Chaikin Money Flow (CMF): Understanding When Whales Are Buying
Two main players in the financial markets are the large whales and the small retail traders. The large institutions and whales are the ones who typically move the market’s pricing, whereas the small retail trader typically doesn’t. Therefore, the small retail trader can gain an edge if they can spot where the big money is flowing.
Technical indicators like the Chaikin Money Flow are designed to alert traders when the market is accumulating and set to rally higher. In this article we’ll review what the CMF is, and how to read it so you can spot where the big money is flowing.
What Does Chaikin Money Flow Tell You?
The Chaikin Money Flow indicator tells traders if institutions, whales and investors are accumulating and buying crypto, or distributing and selling the market. Essentially, CMF indicates the money flow behind crypto.
The Chaikin Money Flow indicator (CMF) was created by stock analyst Marc Chaikin in the early 1980s as a way to measure the strength of a trend combined with the volume behind it. The CMF assumes that not all price trends are created equal. A price trend that’s moving higher, but closing each day near its low, is a weak uptrend compared to one with daily closes near the highs.
Trading volume also factors into a trend’s strength. An uptrend on weak or slowing volume is a sign of a weakening uptrend. On the other hand, strong and growing volume is a healthy sign of a strong uptrend.
The CMF was designed to mix these variables into one easy-to-read indicator that prints below the price chart and helps traders identify buying and selling pressure within the market.
What the Chaikin Money Flow Indicator Looks Like
The CMF appears as a line or area graph in a window, separate from the crypto’s price chart, oscillating between −100 and +100. This range makes it a bounded oscillator.
Many charting packages offer the CMF with the default setting of 20. However, a better default setting when using the CMF for crypto is 21 or 28, since many of the other markets only trade five days per week — and those markets contain about a four-week cycle of 20 trading days. This allows the indicator to capture a full cycle.
Crypto trades 24 hours a day, seven days a week. Therefore, 20 trading days is less than three full weeks. A 21 input setting allows for three full weeks, and a 28 input setting allows for a full four-week cycle.
The most important point within the CMF indicator is the zero line. When the CMF is above zero, the crypto trend is said to be higher. When the CMF is below zero, then the trend is considered to be lower. There may be instances where the price is moving higher, but on weakening volume. In those situations, the CMF prints lower readings, alerting the trader to slowing momentum to the upside.
How the CMF is Calculated
There are three parts to the calculation of the Chaikin Money Flow.
The first part includes figuring the money flow multiplier.
Then, find the product of the money flow multiplier above and the total volume for that period.
Lastly, add up the products above for the number of periods set within the indicator (recommended 28 periods) and divide the result by the 28-period sum of the total volume.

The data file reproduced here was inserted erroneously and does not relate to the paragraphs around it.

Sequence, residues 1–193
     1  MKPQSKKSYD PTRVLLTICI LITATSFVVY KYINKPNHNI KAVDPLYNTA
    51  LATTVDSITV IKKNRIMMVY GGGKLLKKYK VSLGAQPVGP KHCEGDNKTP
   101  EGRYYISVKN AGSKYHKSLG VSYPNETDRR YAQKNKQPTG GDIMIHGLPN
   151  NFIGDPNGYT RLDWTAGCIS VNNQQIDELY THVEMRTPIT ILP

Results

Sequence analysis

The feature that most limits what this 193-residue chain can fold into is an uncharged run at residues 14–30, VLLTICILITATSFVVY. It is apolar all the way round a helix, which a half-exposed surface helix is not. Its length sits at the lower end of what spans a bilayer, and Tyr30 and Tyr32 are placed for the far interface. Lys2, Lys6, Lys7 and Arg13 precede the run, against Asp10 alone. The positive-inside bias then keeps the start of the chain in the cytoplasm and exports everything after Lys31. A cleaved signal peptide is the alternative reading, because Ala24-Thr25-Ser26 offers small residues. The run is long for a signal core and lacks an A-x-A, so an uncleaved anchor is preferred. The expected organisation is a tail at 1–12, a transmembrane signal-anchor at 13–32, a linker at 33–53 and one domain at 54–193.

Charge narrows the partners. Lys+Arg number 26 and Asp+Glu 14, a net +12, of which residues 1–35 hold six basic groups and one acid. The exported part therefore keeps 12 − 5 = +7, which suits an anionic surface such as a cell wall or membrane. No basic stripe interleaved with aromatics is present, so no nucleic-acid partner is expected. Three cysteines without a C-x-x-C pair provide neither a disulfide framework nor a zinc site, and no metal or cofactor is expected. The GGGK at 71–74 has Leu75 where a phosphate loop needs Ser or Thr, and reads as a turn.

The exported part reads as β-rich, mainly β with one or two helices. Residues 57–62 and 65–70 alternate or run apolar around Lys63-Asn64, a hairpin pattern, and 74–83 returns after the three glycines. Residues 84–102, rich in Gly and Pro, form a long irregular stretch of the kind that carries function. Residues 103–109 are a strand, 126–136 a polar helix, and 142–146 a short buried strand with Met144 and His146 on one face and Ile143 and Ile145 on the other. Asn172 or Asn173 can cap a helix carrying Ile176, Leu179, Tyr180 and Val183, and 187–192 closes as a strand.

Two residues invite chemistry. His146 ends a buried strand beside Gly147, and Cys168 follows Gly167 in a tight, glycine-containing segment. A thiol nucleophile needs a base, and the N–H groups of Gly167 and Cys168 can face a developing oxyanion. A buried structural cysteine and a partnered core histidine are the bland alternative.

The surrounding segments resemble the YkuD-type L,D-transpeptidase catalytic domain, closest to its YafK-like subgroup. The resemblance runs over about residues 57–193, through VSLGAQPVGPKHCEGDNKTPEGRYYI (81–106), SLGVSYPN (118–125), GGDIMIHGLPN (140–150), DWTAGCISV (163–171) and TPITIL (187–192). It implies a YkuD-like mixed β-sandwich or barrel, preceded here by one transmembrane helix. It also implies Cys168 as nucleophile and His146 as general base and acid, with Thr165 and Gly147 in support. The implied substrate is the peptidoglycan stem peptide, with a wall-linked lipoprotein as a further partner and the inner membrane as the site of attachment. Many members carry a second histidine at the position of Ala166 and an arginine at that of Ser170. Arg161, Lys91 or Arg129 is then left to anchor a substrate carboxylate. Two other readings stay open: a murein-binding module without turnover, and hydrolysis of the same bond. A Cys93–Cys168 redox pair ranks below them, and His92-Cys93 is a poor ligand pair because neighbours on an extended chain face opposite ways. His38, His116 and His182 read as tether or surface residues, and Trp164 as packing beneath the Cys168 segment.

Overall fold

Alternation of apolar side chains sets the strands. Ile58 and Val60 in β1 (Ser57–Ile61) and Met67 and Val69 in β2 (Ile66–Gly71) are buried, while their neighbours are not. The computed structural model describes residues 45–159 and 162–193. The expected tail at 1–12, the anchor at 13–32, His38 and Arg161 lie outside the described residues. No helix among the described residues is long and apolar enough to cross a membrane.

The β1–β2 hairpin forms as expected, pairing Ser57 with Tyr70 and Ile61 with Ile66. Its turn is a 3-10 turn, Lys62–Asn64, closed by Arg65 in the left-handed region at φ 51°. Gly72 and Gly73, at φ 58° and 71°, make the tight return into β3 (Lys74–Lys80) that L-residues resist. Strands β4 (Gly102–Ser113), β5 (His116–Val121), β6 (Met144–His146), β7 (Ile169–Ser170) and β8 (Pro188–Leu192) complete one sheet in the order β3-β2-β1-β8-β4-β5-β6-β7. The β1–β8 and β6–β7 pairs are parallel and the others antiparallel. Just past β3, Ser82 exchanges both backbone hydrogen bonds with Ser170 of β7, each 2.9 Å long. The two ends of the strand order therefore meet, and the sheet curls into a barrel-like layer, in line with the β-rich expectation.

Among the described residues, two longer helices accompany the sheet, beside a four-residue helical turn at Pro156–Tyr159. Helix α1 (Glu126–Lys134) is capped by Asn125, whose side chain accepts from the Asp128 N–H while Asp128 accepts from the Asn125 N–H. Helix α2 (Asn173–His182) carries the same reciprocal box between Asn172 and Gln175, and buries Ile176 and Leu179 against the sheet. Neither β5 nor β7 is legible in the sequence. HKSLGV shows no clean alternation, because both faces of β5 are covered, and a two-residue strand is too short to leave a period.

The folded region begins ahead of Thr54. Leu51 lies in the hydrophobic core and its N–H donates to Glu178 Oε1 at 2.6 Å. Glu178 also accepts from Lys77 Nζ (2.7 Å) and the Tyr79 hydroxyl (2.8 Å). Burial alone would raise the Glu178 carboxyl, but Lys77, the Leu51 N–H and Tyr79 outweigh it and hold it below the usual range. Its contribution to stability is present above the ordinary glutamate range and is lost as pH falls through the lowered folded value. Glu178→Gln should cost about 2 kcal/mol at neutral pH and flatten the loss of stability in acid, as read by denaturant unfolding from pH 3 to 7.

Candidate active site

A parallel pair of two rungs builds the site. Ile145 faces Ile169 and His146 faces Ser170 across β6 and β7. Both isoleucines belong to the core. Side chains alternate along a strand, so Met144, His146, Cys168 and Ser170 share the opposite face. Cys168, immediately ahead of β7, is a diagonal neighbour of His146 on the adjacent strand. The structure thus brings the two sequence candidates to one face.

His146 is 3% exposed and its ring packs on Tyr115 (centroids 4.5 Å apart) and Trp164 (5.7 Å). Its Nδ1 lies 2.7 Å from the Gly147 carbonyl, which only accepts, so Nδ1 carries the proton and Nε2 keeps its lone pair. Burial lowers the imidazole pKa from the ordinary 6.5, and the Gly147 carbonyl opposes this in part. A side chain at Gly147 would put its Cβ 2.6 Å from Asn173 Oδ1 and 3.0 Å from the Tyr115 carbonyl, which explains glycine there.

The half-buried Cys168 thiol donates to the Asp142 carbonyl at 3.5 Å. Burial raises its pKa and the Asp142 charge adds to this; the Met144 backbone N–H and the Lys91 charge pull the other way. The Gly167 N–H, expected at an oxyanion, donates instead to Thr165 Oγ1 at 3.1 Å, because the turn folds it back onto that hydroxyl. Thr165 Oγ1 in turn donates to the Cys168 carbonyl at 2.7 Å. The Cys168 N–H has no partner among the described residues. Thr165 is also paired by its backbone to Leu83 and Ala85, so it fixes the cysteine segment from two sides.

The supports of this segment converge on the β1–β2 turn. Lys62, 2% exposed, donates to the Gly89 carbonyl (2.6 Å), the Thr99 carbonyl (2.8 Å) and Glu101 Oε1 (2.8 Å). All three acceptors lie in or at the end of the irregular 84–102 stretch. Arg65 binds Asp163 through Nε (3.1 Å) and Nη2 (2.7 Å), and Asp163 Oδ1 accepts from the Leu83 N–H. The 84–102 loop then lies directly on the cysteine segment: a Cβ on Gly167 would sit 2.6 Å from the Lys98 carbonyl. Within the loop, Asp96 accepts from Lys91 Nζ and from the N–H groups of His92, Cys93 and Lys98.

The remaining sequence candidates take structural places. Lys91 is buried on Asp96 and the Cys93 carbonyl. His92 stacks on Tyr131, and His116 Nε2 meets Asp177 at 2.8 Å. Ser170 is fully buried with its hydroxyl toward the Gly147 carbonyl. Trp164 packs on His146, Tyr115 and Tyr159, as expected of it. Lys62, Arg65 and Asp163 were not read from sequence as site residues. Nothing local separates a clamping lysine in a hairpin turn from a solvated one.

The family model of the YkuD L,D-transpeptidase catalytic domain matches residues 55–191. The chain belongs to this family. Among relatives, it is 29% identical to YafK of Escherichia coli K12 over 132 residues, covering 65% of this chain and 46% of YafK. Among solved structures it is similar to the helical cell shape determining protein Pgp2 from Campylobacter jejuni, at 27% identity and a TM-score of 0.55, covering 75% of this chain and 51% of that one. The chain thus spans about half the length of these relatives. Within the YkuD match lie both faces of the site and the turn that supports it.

As a result, the CMF depends on the value of the money flow multiplier. This value is positive when the closing price is above the midpoint of the range, and negative when the closing price is below the midpoint of the range.
If the volume is heavy, then that multiplier swings even further away from the zero line. If the volume is light, then the effect of the multiplier is muted.
Pros and Cons of Using the CMF
Like any indicator you apply to the charts, the Chaikin Money Flow indicator has its strengths and weaknesses. Once you’re familiar with its pros and cons, you can carefully apply the indicator to help maximize results.
- CMF helps traders confirm the strength and direction of a trend
- Easy visibility of divergence between price and CMF — so traders can time entries and exits better
The CMF is a momentum indicator. Therefore, it’s most useful when applied to trending markets, where it helps crypto traders determine the strength and direction of a trend.
Once a trend loses strength, that loss of momentum appears in the indicator as divergence, alerting crypto traders to a potential trend change.
- Plenty of false signals during a volatile market, when trends aren’t certain
- CMF is a lagging indicator that trails the price
- Possibility of whipsaws, causing poor entries and exits
Like all indicators, the CMF isn’t always 100% accurate, and. a trader needs to keep the CMF’s limitations in mind. For example, when the market isn’t trending, the propensity for false signals increases dramatically — especially when there’s volatility of price.
This is because the CMF indicator utilizes a moving average of the price and volume. The moving average of these variables tends to lag, and won’t react as quickly to abrupt changes in market conditions.
How to Use the CMF Indicator
The CMF indicator has two primary uses: to determine trend direction, and trend strength.
Determining trend direction is fairly easy. First, the zero line is the barrier dividing an uptrend from a downtrend. When the CMF indicator is above zero, price and volume trends are present, suggesting that the trend is strong or growing.
When the CMF indicator is below zero, the price and volume trends are implying a downtrending market.
In many instances, the CMF indicator will hover right around zero. This generally happens during a pullback within an uptrend or a rally within a downtrend. A pullback to the zero line offers crypto traders an opportunity to enter new positions in the direction of the trend.